US Agents Arrest 212 in California Immigration Raids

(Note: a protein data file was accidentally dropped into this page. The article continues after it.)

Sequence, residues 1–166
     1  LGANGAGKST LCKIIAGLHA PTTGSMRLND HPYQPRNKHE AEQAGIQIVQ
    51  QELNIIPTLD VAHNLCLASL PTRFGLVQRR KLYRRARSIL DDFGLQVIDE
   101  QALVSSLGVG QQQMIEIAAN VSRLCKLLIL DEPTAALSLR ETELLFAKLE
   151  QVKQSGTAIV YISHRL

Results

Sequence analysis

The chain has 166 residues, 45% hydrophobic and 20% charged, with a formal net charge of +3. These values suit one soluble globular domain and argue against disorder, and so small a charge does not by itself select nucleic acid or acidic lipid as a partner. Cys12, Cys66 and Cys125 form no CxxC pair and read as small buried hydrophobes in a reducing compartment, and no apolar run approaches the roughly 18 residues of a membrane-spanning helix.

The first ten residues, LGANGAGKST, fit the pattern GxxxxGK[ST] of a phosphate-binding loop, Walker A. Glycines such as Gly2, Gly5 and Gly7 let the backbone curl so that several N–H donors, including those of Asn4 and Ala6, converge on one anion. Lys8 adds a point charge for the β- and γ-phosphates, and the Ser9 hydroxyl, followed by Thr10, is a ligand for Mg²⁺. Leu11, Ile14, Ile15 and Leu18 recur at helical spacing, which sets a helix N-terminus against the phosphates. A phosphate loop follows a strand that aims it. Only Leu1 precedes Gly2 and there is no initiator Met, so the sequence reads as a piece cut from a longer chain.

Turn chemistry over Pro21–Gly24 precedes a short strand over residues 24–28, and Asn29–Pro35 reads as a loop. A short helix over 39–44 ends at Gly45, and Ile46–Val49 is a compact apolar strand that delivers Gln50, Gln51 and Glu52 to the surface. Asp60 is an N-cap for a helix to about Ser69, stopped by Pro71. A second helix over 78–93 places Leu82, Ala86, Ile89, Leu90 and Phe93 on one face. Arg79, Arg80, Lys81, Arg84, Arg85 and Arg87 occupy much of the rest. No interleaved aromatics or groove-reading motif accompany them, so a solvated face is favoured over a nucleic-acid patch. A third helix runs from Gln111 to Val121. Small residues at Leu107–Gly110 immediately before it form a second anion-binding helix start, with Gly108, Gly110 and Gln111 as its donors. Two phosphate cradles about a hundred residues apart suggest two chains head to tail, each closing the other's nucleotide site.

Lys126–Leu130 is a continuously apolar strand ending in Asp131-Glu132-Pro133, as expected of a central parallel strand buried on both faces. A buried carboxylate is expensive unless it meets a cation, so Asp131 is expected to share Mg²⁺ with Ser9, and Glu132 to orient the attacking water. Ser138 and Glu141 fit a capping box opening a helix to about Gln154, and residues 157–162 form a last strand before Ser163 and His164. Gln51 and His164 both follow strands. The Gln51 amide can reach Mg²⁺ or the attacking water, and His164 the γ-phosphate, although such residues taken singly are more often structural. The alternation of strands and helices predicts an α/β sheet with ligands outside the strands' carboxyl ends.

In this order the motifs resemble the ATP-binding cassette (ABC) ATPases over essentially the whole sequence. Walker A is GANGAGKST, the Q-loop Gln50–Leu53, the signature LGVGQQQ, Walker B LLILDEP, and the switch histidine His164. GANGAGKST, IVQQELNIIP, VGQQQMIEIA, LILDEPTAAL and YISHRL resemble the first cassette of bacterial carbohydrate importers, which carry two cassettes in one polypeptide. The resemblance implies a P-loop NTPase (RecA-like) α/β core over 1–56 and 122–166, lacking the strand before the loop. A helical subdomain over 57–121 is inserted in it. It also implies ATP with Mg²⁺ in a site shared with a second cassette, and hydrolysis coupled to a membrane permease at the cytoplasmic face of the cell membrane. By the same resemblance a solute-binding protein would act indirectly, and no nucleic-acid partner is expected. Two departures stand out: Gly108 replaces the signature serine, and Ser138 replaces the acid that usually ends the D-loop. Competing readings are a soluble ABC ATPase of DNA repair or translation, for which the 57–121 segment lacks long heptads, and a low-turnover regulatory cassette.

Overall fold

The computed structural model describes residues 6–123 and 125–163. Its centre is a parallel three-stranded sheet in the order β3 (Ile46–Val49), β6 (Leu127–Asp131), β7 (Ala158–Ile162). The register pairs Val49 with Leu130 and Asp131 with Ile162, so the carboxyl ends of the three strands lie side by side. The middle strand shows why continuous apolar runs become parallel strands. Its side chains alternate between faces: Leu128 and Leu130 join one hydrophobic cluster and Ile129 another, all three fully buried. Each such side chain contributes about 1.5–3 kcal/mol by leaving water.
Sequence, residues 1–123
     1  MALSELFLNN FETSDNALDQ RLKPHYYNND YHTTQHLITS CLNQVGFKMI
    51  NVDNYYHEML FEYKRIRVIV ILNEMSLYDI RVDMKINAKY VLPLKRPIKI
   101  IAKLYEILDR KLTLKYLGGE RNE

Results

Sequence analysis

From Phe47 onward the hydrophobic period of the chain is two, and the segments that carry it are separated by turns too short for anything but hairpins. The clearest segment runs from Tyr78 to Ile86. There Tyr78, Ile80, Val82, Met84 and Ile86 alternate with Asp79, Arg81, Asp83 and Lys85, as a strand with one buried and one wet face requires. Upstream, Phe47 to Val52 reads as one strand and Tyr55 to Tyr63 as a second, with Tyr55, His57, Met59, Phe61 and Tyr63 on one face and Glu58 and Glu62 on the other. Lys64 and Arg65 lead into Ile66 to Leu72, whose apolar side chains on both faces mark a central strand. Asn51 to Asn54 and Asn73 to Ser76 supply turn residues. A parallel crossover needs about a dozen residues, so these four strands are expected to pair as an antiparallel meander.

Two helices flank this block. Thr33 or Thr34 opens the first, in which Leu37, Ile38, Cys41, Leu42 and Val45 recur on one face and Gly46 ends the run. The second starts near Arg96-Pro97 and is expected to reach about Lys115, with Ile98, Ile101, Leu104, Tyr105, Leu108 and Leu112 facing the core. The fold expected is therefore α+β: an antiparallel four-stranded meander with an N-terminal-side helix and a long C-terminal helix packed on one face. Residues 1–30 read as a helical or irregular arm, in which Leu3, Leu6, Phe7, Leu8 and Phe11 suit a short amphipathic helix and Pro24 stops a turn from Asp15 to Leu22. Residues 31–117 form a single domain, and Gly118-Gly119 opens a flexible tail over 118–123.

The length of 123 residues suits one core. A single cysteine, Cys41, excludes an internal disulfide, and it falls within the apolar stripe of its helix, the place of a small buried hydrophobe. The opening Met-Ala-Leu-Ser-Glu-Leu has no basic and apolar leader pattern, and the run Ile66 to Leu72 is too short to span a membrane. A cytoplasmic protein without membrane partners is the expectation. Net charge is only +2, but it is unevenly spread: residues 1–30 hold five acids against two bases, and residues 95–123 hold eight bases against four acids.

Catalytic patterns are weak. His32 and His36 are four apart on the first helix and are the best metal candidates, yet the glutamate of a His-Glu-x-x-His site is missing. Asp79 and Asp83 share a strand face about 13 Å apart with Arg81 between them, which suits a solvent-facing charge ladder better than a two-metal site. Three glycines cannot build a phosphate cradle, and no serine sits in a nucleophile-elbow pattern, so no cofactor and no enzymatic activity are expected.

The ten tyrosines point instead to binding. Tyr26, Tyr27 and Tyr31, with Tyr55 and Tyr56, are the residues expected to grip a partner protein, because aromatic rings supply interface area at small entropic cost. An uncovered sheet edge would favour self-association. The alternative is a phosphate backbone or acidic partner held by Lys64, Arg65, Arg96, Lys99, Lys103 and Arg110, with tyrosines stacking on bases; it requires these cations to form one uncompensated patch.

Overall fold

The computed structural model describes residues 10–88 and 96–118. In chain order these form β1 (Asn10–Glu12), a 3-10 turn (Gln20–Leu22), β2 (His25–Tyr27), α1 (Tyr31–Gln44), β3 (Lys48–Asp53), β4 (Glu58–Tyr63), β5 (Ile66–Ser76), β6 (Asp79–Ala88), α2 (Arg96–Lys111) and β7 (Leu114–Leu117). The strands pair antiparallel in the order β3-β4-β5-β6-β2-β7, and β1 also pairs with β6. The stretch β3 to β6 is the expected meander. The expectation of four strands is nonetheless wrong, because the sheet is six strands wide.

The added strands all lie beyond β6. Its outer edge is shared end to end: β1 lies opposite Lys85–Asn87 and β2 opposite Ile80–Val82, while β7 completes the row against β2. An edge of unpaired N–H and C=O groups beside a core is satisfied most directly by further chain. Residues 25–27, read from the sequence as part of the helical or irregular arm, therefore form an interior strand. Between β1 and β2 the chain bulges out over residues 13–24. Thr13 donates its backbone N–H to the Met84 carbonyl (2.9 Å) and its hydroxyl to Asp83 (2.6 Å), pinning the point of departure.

(VOA): U.S. Immigration and Customs Enforcement says it arrested 212 undocumented immigrants in southern California over the past week. ICE announced the arrests Friday, saying 122 businesses had been targeted during a five-day sweep. In a statement, ICE Deputy Director Thomas Homan said, "Because sanctuary jurisdictions like Los Angeles prevent ICE from arresting criminal aliens in the secure confines of a jail, our officers are forced to conduct at-large arrests in the community." He said that "fewer jail arrests mean more arrests on the street, and that also requires more resources, which is why we are forced to send additional resources to those areas to meet operational needs and officer safety." The statement said 88 percent of those arrested were either convicted criminals, had failed to follow deportation orders, or had previously been removed from the United States and returned illegally. It said more than 55 percent, or 107 people, had prior felony convictions for "serious" or "violent" offenses, or had past convictions for "significant" or multiple misdemeanors. The ICE raids in Southern California and a similar operation last month in Northern California came after the state declared itself a "sanctuary state" in October, meaning state law restricts local police from detaining people on behalf of federal immigration agents. Proponents of California's sanctuary law, signed by Governor Jerry Brown, say it is a safety measure designed to ensure that undocumented residents are not deterred from reporting crimes or sending their children to school. Kevin de Leon, the Democratic state lawmaker who authored the bill, said it was meant to "put a large kink in [President Donald] Trump's perverse and inhumane deportation machine." After the sanctuary bill became state law, Homan said California had "better hold on tight." California's sanctuary law bans employers from letting ICE inspectors into private business areas without a warrant, and requires business owners to notify their employees within 72 hours if they have been served notice of an ICE inspection. Reports from California said some employees did not show up for work on the day their employers were slated for inspections.
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